With headlines ranging from the increasing trend of miniature pet owners globally to pertinent discoveries by neuroscientists and everything in between, T-post, the Swiss based wearable monthly magazine, vows to educate both the subscriber and his or her encounters by graphically interpreting news and printing it on T-shirts. “You can say that our wearers are washing our stories from any unintended or intended bias, making them bullshit free,” states T-post’s Editor-in-Chief and Founder, Peter Lundgren. Lundgren sits with Life + Times to discuss the inner workings of T-post, the significance of following your instincts and the potent impact the tees have had internationally thus far.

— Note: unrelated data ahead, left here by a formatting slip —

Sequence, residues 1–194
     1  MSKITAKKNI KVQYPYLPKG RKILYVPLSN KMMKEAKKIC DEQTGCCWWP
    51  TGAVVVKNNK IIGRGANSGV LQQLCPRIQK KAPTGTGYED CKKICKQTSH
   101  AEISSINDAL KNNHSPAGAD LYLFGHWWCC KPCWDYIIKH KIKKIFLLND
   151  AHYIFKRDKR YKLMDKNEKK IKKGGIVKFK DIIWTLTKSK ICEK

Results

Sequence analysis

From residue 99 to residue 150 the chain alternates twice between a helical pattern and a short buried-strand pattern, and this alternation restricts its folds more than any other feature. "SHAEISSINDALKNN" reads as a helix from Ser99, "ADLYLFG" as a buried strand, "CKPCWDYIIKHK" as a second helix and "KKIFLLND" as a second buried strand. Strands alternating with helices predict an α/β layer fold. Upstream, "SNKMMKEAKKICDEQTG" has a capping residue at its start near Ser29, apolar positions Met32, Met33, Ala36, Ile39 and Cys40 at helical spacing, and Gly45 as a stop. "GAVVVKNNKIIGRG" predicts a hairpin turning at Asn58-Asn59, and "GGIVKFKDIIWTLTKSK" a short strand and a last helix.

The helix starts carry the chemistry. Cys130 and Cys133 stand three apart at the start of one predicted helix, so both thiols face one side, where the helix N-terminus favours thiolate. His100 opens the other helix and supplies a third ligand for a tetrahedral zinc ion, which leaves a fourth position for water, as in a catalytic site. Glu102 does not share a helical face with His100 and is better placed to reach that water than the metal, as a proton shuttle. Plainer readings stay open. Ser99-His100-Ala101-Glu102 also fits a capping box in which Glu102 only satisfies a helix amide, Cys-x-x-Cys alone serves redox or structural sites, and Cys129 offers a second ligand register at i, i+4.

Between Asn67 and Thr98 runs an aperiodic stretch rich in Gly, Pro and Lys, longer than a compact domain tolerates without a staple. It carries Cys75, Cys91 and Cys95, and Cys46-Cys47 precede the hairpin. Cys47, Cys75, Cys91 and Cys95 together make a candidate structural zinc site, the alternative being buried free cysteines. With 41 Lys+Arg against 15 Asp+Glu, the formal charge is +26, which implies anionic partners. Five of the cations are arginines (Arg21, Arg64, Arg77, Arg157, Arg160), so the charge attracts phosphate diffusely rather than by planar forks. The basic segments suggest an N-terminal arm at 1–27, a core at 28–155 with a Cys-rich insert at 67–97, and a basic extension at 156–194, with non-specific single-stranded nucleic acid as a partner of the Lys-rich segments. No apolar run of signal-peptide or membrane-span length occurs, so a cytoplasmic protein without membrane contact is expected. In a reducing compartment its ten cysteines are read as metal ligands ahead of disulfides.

Life + Times: With the start of your concept back in 2004, did you encounter colleagues or investors that thought the idea was too unconventional to market to a worldwide audience?
Peter Lundgren: Everyone I talked to in the beginning loved the idea, but most didn’t see a wider audience for it. Let’s face it, who would buy clothes they haven’t even seen yet; simply trusting us to deliver something great and interesting? But my gut feeling was that if the idea and execution was good enough, it’ll build a worldwide audience. Since everyone loved the idea, I was the only one that could mess up the execution. I could definitely live with those odds.
L+T: How did you come up with the idea of combining news with tees?